Issue date: 2020-03-31
By Joachim Fels, Global Economic Advisor, PIMCO
PIMCO discusses two of the key themes from their latest Cyclical Outlook that are likely to drive the global economy in the year ahead.
Last year was not for the fainthearted: Global growth was “synching lower” and entered a “window of weakness,” the U.S.–China conflict and Brexit uncertainty provided dark mood music, climate concerns took center stage amid extreme weather around the globe, and protests against the political establishment reverberated through Hong Kong, Lebanon, Chile, Ecuador, and many other places.
And yet, spurred by global monetary easing led by the U.S. Federal Reserve’s dovish pivot in early 2019, both equities and bonds had a year of stellar returns.
In this article we share two of the seven themes published in our outlook for the year, “Seven Macro Themes for 2020,” which distills key points from our recent quarterly Cyclical Forum.
‘Time to recession’ has increased
Recession risks, which had been elevated during the middle part of 2019, have diminished in recent months, helped by additional global monetary easing, a trade truce between the U.S. and China, better prospects for an orderly Brexit, and early signs of a rebound in the global purchasing managers’ indices (PMIs). This assessment is corroborated by an easing of the 12-month-ahead recession probabilities for the U.S. estimated by our various U.S. recession models.
As a consequence, we are now more confident in our baseline forecast that the current window of weakness for global growth will give way to a moderate recovery during 2020. World GDP growth, which has been slowing over the past two years, has yet to bottom. However, PIMCO’s World Financial Conditions Index, which tends to lead output growth, has been easing (rising) in recent months, pointing to a moderate cyclical growth recovery in the course of this year (see Figure 1).
Figure 1: Global financial conditions suggest moderate global growth recovery in 2020
Another factor underpinning a likely pickup in global growth this year is the supportive stance of fiscal policy in major economies such as China, Europe, and Japan. With fiscal and monetary policy now working in the same direction – further easing – in almost all major economies, the outlook for a sustained economic expansion over our cyclical horizon has improved.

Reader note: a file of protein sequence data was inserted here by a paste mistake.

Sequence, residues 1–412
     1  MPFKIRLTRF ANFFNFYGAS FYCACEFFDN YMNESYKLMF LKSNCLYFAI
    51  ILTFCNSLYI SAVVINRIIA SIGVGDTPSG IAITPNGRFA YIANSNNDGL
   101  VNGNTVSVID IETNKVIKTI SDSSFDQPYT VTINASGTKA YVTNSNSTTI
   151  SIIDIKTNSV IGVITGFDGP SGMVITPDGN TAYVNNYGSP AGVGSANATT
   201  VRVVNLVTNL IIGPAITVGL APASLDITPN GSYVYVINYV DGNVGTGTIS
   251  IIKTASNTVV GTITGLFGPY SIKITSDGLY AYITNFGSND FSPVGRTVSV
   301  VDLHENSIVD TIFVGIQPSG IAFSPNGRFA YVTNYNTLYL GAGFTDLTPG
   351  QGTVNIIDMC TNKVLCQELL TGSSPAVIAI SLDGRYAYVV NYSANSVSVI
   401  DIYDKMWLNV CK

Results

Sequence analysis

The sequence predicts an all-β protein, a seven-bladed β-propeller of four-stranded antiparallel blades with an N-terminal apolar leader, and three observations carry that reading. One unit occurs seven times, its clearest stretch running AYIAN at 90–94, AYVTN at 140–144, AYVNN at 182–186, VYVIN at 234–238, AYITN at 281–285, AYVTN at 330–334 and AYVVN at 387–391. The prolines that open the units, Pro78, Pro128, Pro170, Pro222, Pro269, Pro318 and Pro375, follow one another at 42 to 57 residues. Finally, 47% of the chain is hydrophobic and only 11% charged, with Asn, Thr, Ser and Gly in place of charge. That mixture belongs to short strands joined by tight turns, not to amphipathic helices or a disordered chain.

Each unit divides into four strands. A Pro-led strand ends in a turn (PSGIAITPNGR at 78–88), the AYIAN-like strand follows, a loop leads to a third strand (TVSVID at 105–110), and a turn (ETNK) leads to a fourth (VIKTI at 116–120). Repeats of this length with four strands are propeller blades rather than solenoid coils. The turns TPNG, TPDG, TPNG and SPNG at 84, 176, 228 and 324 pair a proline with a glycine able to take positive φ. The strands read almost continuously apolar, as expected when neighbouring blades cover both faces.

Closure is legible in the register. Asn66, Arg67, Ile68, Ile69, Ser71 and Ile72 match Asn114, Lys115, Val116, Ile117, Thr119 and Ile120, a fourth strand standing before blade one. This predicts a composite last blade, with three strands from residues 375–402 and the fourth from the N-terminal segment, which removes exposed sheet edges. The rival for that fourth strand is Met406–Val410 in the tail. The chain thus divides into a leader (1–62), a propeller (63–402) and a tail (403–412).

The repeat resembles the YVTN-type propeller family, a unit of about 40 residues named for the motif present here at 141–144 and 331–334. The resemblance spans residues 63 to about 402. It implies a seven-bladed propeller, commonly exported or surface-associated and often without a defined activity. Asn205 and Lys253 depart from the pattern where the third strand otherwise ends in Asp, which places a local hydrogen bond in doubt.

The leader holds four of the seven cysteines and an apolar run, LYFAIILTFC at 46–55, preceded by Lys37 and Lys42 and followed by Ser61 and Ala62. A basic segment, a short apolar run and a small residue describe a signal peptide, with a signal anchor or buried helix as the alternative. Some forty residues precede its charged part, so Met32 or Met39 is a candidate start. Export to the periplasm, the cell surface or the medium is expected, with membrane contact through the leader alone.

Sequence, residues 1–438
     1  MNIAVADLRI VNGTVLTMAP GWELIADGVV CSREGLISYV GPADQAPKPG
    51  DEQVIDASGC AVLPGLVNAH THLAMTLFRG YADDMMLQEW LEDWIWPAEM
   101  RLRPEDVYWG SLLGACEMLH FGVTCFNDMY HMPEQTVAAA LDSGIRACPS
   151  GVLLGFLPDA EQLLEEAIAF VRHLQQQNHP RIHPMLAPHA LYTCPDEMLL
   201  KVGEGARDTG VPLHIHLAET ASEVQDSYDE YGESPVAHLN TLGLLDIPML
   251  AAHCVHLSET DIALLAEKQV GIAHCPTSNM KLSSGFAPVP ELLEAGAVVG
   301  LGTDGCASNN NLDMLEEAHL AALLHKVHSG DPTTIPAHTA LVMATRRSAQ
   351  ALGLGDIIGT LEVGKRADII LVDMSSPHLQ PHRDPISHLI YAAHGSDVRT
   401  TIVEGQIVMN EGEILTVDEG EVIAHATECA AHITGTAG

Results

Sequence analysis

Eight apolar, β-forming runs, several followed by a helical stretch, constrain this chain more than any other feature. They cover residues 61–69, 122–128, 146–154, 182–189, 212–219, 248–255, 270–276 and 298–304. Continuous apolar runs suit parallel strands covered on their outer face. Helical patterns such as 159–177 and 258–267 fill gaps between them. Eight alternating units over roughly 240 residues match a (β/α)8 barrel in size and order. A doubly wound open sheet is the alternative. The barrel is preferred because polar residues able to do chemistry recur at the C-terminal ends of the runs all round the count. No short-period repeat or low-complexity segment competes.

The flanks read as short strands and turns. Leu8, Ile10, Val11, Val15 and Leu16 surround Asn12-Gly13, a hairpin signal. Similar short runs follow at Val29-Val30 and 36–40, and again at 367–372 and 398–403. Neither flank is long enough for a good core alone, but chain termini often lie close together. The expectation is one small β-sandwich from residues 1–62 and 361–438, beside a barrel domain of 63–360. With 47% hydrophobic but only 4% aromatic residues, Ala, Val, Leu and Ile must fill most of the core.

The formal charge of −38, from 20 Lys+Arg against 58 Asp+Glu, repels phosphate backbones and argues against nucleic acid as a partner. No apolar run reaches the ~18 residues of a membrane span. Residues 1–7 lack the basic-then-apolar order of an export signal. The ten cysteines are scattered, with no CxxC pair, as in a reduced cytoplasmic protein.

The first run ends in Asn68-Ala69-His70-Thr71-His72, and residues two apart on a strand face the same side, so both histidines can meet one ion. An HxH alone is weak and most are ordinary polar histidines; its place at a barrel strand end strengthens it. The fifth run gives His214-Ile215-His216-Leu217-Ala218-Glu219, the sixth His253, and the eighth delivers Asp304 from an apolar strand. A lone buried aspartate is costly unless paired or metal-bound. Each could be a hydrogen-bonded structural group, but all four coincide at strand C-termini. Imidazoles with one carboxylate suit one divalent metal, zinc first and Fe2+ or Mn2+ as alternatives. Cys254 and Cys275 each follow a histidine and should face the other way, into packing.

But ‘loss given recession’ has likely increased, too
Yet again, the Fed and other major central banks have helped to extend the global expansion by adding stimulus in response to rising recession risks. However, last year’s easing of monetary policy comes at a price: Whenever the next economic downturn or major risk market drawdown hits, policymakers will have even less policy capacity to maneuver, thus limiting their ability to fight future recessionary forces. Thus, while “time to recession” has likely increased with last year’s monetary easing, so has “loss given recession.”
To be sure, this is not a criticism of central banks’ easing actions last year. Hoarding rather than using the policy toolkit is usually not a good idea in the face of rising recession or deflation risks. Rather, these call for aggressive and preemptive action early on to nip them in the bud. This is what both the Fed and the European Central Bank (ECB) attempted last year in response to rising risks and uncertainties, and the first indications are that they were successful in countering these risks. Still, an inevitable consequence of cutting rates further toward the effective lower bound is that there is now less monetary policy space available for future action.
A common response to the above is that while monetary policy has less space, fiscal policy can and should step in and save the day whenever the next recession looms. After all, low interest rates coupled with central banks’ ability and willingness to purchase (more) government bonds create more fiscal space for governments. In theory, we agree and have in fact argued for some time that fiscal policy is likely to become more proactive in the future. In practice, however, it is unlikely that governments and parliaments are able to diagnose recession risks early enough and, even if so, implement fiscal easing in time to prevent a recession, given the slow way in which political processes usually work. Thus, central banks will still have to be the first responders in the next crisis and, again, will be more constrained than they have been in the past.
Another way last year’s monetary easing may increase “loss given recession” is that the combination of a longer expansion and a longer period of even lower rates and “QE infinity” (i.e., central bank asset purchases, or quantitative easing, with no clear end date) incentivizes companies and households to increase leverage, which could come back to haunt them and their creditors in the next downturn.
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